Antipsychotic Drugs: Comparison in Animal Models of Efficacy, Neurotransmitter Regulation, and Neuroprotection

The evidence to date suggests that although all antipsychotic drugs have the ability to reduce psychotic symptoms via D2 receptor antagonism, some antipsychotics may differ in other pharmacological properties and their capacities to mitigate and possibly reverse cellular processes that may underlie the pathophysiology of schizophrenia.

Midbrain dopamine function in schizophrenia and depression: a post-mortem and positron emission tomographic imaging study.

Findings indicate that elevated dopamine synthesis capacity is seen in the nigral origin of dopamine neurons as well as their striatal terminals in schizophrenia, and is linked to symptom severity in patients.

Presynaptic dopamine alterations in schizophrenia: Functional or structural defect?




Neurobiology of dopamine in schizophrenia.

Network interactions in schizophrenia — therapeutic implications

Elevated dopa decarboxylase activity in living brain of patients with psychosis.

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  • Psychology, Medicine
    Proceedings of the National Academy of Sciences of the United States of America
  • 1994
An increase of the rate of metabolism of an exogenous dopa tracer in the neostriatum of a subgroup of patients with a history of psychosis is discovered, consistent with the theory that a state of psychosis arises when episodic dopamine excess is superimposed on a trait of basic dopamine deficiency in the striatum.

Interactions between monoamines, glutamate, and GABA in schizophrenia: new evidence.

A precise identification of neurotransmitter aberrations in schizophrenia will probably provide clues for a better understanding of the disease and for the development of new treatment and prevention strategies.

Increased dopamine transmission in schizophrenia: relationship to illness phases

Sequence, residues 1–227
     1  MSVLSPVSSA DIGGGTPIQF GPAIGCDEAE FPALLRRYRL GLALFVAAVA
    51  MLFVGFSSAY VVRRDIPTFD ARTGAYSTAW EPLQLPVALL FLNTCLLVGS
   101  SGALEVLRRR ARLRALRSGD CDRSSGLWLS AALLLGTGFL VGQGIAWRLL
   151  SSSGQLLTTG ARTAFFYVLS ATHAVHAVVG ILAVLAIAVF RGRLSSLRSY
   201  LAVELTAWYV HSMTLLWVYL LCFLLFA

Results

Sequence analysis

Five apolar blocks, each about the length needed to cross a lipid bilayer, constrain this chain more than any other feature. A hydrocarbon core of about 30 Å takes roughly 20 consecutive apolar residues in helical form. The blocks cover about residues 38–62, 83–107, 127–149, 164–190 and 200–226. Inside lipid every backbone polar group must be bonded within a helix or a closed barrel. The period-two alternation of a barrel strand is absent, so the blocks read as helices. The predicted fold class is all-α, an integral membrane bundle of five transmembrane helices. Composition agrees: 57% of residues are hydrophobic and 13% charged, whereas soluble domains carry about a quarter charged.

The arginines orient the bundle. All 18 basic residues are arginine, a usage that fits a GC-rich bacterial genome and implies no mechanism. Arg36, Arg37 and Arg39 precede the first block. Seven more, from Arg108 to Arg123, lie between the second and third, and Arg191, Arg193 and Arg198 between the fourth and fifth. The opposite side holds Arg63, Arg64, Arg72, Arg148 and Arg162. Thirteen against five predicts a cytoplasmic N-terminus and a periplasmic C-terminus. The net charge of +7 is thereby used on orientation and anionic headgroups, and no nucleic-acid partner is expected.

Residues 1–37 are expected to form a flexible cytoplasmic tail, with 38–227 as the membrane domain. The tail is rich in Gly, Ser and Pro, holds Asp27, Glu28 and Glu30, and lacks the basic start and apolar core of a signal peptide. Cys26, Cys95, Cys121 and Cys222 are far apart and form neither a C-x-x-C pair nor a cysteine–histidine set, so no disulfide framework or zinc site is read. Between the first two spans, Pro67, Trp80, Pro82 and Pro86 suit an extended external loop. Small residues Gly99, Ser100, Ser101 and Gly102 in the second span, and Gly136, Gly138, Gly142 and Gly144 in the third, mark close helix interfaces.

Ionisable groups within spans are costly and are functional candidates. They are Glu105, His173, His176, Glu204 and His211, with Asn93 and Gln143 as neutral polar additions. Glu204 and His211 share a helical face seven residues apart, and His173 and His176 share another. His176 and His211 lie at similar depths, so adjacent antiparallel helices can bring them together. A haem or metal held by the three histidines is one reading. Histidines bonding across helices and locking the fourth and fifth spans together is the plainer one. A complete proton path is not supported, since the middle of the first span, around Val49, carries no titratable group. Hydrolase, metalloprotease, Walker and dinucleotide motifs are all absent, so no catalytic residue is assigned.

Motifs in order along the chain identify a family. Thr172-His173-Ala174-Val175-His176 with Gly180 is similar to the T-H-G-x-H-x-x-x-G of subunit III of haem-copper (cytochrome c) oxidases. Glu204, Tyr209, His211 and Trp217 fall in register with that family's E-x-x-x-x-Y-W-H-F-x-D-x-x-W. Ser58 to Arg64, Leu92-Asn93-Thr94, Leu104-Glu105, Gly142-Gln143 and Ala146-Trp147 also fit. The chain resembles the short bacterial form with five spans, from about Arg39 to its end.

Up-regulation of the D1 dopamine receptor-interacting protein, calcyon, in patients with schizophrenia.

These findings provide the first evidence that abnormalities in the dopamine system of patients with schizophrenia may lie in altered levels of dopamine receptor-interacting proteins.

Decreased dopamine D2 receptor binding in the anterior cingulate cortex in schizophrenia.

The lower BP values indicate fewer D2 receptors in the anterior cingulate cortex in patients with schizophrenia, suggesting alterations in D2 receptor function in the extrastriatal region may underlie the positive symptoms of schizophrenia.

Presynaptic dopaminergic function in the striatum of schizophrenic patients

Dopamine and the diseased brain.

The hypothesis is examined that phasic dopamine release is associated with salience attribution to external stimuli, insofar as it mediates reward anticipation in the ventral striatum and limbic cortex, habit formation in the dorsal striatum, and working memory function in the prefrontal cortex.

Gating of information flow within the limbic system and the pathophysiology of schizophrenia

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  • Psychology, Biology
    Brain Research Reviews
  • 2000